Yesterday’s conviction of nine Muslim male residents of Rochdale for the systematic grooming and repeated multiple rape of young English girls has now rightly been covered by the mass media. However, the manner in which this has been done is striking, insofar as the BBC in particular, and even The Daily Telegraph, have decided to describe the perpetrators of these crimes as ‘Asians’, whereas if they were to be accurate they would have described them as ‘Muslims’ or eight Pakistanis and one Afghan, for it is the Muslim identity of these men that is salient in this instance, it being a common denominator in the many other cases of systematic grooming of native English girls by these so-called ‘Asian’ gangs. It was not Hindus in Keighley who carried out the notorious mass grooming of girls in the town; it was not Thais in Blackpool, Sikhs in Blackburn, Chinese in Rotherham, Japanese in Derby, Burmese in Burnley or Vietnamese in Bradford. No. So, what was the identity of the men involved in the serious cases of systematic grooming in all of these towns and cities? Muslim males of predominantly Pakistani background.
Given the clear pattern displayed in these cases, why do the BBC and other media outlets choose to employ the language of race, casting a slur upon all ‘Asians’? It is quite straightforward really: these criminals are described as ‘Asians’ to render any criticism of this specifically Muslim, usually Pakistani phenomenon, ‘racist’. In doing so, the BBC it could be argued, is being ‘racist’. If I were a Sikh or a Hindu, my blood would be boiling with respect to this linguistic usage.
At least Mohammed Shafiq of the Ramadhan Foundation has had the decency to condemn this type of crime. Today’s Daily Mail states:
The leader of the Ramadhan Foundation has accused Pakistani community elders of 'burying their heads in the sand' on the issue of on-street grooming.Mohammed Shafiq, chief executive of the group, said police should not let the 'issue of race' stop them from addressing the issue.
Mr Shafiq’s intervention is welcome, and he acknowledges that insofar as the perpetrators of these crimes are concerned, the ‘racial’ element comes into play in the selection of their victims: non-Muslim indigenous girls. The Rochdale case led to a protest in the Heywood district of the town in February, which was unfortunately infiltrated by a number of troublemakers who attacked a local takeaway and the police.The Ramadhan Foundation is a Manchester-based moderate Muslim youth group that works for 'peaceful co-existence and dialogue for all communities'.Mr Shafiq said: 'There is a significant problem for the British Pakistani community, there is an over-representation amongst recent convictions in the crime of on-street grooming, there should be no silence in addressing the issue of race as this is central to the actions of these criminals.'They think that white teenage girls are worthless and can be abused without a second thought; it is this sort of behaviour that is bringing shame on our community.'I urge the police and the councils not to be frightened to address this issue, there is a strong lesson that you cannot ignore race or be over sensitive.'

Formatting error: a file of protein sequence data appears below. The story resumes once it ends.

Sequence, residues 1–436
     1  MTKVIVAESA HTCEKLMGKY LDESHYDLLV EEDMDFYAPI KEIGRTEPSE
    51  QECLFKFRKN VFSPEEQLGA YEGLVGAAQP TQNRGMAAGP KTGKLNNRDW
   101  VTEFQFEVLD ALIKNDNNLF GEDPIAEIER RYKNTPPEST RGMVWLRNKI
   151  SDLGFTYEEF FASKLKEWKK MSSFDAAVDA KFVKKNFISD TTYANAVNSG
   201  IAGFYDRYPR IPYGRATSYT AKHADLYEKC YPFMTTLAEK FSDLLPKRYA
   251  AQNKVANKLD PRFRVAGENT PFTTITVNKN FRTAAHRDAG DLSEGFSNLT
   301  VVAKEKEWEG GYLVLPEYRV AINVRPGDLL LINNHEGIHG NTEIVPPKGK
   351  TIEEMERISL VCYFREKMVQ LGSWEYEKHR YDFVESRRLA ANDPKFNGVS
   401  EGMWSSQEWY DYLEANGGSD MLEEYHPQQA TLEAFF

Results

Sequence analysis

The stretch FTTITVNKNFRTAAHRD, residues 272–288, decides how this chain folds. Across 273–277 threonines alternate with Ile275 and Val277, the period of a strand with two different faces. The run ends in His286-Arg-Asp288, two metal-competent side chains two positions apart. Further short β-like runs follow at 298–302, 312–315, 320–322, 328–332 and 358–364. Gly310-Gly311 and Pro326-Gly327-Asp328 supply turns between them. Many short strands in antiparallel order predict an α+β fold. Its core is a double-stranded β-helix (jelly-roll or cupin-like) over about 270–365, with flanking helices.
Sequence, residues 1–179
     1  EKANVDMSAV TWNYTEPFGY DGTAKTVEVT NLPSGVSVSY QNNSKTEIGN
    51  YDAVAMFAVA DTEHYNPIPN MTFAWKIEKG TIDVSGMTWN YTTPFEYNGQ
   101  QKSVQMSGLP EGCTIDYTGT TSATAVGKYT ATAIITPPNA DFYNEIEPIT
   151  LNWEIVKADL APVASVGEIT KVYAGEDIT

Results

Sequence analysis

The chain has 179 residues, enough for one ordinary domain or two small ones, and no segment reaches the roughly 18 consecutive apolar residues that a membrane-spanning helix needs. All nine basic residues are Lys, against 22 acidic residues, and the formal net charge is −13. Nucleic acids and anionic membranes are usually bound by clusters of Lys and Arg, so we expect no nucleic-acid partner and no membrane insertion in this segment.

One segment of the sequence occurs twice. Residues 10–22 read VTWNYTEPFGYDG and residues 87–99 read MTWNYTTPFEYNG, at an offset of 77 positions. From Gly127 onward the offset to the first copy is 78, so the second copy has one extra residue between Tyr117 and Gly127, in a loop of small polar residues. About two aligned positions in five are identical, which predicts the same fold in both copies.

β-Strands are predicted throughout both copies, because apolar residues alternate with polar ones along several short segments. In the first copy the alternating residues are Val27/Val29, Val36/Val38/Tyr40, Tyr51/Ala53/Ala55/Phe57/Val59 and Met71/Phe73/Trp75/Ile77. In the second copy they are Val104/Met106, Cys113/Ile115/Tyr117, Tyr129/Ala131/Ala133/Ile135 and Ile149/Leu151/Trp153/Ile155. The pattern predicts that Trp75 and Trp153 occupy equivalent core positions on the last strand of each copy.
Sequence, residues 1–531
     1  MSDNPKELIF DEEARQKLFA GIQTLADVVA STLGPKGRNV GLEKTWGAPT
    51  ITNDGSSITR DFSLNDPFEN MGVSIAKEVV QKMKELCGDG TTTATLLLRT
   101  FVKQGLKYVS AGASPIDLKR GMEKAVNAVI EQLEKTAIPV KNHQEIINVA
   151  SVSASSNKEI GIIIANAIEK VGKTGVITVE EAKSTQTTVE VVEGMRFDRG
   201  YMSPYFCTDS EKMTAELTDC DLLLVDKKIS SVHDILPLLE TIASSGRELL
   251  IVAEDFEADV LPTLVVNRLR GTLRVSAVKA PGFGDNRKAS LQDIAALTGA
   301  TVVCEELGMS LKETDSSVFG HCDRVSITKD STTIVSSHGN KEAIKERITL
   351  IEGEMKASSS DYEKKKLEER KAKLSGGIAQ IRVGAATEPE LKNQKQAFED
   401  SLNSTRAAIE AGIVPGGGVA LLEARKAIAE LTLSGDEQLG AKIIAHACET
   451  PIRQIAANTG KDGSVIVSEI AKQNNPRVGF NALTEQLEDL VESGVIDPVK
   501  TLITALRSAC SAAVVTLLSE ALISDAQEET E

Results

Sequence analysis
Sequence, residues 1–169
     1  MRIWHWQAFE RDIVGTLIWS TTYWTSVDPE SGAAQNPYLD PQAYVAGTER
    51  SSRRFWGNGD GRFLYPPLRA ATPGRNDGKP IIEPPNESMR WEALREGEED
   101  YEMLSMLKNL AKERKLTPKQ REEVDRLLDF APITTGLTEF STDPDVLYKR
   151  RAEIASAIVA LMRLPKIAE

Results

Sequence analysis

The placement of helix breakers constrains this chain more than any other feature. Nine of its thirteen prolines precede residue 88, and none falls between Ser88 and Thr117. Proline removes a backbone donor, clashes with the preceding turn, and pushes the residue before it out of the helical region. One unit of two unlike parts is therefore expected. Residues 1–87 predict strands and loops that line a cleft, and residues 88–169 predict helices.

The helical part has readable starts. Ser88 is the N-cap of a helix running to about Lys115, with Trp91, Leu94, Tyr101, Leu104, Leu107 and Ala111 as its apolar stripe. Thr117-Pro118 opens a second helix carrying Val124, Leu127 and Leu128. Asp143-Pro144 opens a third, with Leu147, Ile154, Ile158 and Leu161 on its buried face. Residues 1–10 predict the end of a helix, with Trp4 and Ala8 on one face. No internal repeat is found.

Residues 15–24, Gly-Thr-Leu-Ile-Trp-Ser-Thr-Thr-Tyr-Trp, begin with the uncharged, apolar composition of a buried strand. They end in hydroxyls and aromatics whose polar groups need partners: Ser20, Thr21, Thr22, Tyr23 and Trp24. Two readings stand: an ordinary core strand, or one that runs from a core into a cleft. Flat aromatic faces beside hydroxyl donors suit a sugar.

Despite the BBC's innate bias and reluctance to identify the ethno-religious specificity of the majority of crimes of this type, an interview with criminologist Mark Williams-Thomas on this evening's BBC News 24 was quite remarkable, for in spite of the interviewer trying to imply otherwise, Williams-Thomas was startlingly and refreshingly forthright in his insistence that this systematic grooming of English girls was carried out in the overwhelming majority of cases by males of Pakistani and Afghan origin. He emphatically reiterated this point several times, much to the discomfiture of his BBC interviewer. Could it be that this dreadful case from the streets of Rochdale will finally help to bring about a sea change, and force, albeit highly reluctantly, official recognition of the reality of this type of crime and its widespread nature? If so, the EDL should be accorded some credit for tirelessly seeking to highlight the issue of organised Muslim paedophilia.
For the time being however, neither the mass media nor the mainstream political parties are truly willing to allow members of the public to give vent to their thoughts and feelings on this matter, as demonstrated by the fact that the comments facility on Brendan O'Neill's blog piece entitled 'Muslims, 'sex gangs' and white working-class women' in The Daily Telegraph this evening has been switched off. Likewise, whereas it is normally possible to comment upon Ed West's blog postings, his piece entitled 'Why liberals turned a blind eye to the 'grooming' of girls' also featured a disabled comments facility. Real debate about this issue evidently remains off-limits, and for as long as it does so, those who keep this a taboo subject aid the abusers and betray existing and potential victims.